Let us get down to tin-tacks, lest we find only a few brass-headed nails for our coffins left to us. Johnny and Joan have to be properly prepared for the struggle for existence. The middle class father cannot afford to send Johnny to the kind of school frequented by " the sons of gentlemen " (meaning thereby the sons of men who can afford it) at a moment when everyone in charge of the State is repeating the cry that there are no men worth £1,000 a year to any large undertaking. Whose fault is that ? We have been training our youths to be physically fit for close on a century, and we flattered ourselves that we won Waterloo in consequence, yet when we wanted a national armg of heroes the enormous hordes of Class C.3 revealed to us that a young man needs not to be physically fit to endure the fatigues of shouting at a player kicking off a ball : only the player needs to be " in form."

And does this newspaper jargon that we have no men nowadays worth so and so much to a firm signify that these used to be in their thousands lining the street of the " City " ? No ! What it really means is that other countries have woken up to the fact that they are commercially quite as clever as we are and con- siderably more industrious and labour-loving. If an efficient person spends an extra hour or two on work that he would otherwise have devoted to recreation, the sum by simple addition represents a formidable figure.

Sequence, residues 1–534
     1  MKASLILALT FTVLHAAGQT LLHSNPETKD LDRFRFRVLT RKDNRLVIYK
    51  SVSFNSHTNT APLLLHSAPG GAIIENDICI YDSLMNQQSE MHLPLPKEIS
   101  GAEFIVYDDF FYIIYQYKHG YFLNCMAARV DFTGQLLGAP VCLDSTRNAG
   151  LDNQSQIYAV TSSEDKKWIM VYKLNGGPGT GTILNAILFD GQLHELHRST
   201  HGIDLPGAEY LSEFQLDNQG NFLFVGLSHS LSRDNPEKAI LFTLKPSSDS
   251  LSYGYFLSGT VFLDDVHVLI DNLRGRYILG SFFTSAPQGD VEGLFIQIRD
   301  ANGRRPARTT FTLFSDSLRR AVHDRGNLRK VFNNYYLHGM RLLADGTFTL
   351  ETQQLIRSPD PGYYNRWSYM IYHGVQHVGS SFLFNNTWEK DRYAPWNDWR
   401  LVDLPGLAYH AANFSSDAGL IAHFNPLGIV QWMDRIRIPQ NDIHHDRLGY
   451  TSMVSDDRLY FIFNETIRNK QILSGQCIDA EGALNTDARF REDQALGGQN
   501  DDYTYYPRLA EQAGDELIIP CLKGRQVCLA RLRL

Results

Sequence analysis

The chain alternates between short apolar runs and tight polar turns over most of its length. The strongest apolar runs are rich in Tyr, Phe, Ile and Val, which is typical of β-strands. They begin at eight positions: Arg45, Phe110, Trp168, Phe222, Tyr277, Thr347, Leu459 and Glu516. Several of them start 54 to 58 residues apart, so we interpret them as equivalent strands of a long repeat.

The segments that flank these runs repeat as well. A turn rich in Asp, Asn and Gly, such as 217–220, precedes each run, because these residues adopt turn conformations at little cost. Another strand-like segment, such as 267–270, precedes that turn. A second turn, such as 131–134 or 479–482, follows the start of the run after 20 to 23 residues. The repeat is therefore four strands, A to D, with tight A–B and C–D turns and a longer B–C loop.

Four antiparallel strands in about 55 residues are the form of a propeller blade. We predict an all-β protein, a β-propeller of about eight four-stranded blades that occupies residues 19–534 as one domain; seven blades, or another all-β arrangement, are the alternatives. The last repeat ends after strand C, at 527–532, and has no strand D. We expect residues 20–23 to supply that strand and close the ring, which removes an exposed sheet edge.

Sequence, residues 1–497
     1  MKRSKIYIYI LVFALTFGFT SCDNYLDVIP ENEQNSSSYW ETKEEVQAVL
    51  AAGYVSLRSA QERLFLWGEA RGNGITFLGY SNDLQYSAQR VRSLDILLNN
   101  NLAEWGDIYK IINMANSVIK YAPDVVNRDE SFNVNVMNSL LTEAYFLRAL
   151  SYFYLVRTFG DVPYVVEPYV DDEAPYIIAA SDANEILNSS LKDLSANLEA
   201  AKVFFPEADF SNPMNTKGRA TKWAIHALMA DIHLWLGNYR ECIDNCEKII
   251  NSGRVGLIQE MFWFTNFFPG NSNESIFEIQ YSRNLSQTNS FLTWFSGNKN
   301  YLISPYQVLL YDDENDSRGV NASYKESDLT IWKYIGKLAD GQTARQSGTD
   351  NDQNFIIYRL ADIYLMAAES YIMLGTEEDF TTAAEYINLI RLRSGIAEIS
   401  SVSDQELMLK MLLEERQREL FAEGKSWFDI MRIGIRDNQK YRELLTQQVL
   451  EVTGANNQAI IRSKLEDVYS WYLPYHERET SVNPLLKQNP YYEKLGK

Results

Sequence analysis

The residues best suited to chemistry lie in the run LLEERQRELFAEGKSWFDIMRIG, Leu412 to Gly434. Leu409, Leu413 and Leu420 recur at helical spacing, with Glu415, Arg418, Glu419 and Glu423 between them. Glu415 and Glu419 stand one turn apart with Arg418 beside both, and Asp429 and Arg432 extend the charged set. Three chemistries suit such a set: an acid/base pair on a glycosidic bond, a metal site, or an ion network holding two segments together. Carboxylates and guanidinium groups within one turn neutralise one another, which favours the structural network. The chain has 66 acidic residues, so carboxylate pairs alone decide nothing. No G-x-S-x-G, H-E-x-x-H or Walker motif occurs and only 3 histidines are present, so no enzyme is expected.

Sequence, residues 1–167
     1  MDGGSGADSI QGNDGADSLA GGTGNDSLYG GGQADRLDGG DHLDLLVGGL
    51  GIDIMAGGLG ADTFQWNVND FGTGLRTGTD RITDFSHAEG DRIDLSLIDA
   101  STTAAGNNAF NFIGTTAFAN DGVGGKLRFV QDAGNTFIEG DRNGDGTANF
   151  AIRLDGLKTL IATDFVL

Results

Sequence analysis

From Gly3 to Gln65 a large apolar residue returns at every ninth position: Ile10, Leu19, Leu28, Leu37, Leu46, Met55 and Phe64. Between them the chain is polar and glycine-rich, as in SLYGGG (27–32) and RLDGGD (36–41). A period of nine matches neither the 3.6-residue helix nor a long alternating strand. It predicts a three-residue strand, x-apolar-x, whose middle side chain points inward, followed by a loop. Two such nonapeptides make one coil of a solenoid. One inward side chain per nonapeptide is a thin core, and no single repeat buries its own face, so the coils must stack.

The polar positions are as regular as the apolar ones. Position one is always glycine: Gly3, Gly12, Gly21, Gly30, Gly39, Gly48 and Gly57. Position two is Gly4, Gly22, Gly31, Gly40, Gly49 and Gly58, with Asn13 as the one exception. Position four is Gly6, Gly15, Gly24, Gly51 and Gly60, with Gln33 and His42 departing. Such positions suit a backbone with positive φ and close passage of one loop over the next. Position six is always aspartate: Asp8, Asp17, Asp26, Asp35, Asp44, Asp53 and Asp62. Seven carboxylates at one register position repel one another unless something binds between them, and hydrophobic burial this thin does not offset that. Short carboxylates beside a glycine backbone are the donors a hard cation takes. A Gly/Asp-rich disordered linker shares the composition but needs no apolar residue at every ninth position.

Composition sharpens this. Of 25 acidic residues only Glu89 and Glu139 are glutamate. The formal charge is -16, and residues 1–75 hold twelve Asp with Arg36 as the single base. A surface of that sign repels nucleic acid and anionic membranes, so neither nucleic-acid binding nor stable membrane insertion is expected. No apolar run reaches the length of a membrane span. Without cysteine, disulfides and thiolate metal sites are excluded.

When the whole ingenuity of France is applied to novel ways of making the leisured shoppers of the world invest in her goods, when Vienna brings the best of her beautiful taste to the production of the only com- modities left her to sell by the amputation of her Empire at the hands of the surgeons of Versailles (I refer to the goods known as " Vienna articles of luxury "), when Italy still breeds her silkworms for soft fabrics and still builds the swiftest hill-climbers of the universe with the lira over a hundred to the pound, when Germany holds the championship of the earth for cheapness, what does it concern the working woman that the situation will be changed the week after next if she cannot afford to purchase the goods this week ? We need all the technical education, and the high-water mark of indus- triousattention from teacher and pupil, all the discipline of youth in the home and school to turn out a man that shall compete with the best brains of the world against us.

At present our boys are only yearning for the moment when they can slip off their desk stools to watch some game or other.

Sometimes when I hear a proud mother talk of her boy's school report not being very flattering about his work, but oh! so flattering about his manners—" a very obliging boy, very popular with his schoolfellows "- I always know that he plays for his side. Well . . let him now begin to learn to play for his country's side.